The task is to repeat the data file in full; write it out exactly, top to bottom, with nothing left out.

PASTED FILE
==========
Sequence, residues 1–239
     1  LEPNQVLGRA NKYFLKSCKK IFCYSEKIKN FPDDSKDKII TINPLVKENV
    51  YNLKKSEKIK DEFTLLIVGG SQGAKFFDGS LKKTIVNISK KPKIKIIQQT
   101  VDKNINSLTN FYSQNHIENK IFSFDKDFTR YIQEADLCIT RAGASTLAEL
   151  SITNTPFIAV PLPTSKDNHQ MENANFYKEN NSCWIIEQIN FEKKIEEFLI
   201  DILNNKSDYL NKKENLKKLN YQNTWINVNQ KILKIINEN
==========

Sequence, residues 1–239
     1  LEPNQVLGRA NKYFLKSCKK IFCYSEKIKN FPDDSKDKII TINPLVKENV
    51  YNLKKSEKIK DEFTLLIVGG SQGAKFFDGS LKKTIVNISK KPKIKIIQQT
   101  VDKNINSLTN FYSQNHIENK IFSFDKDFTR YIQEADLCIT RAGASTLAEL
   151  SITNTPFIAV PLPTSKDNHQ MENANFYKEN NSCWIIEQIN FEKKIEEFLI
   201  DILNNKSDYL NKKENLKKLN YQNTWINVNQ KILKIINEN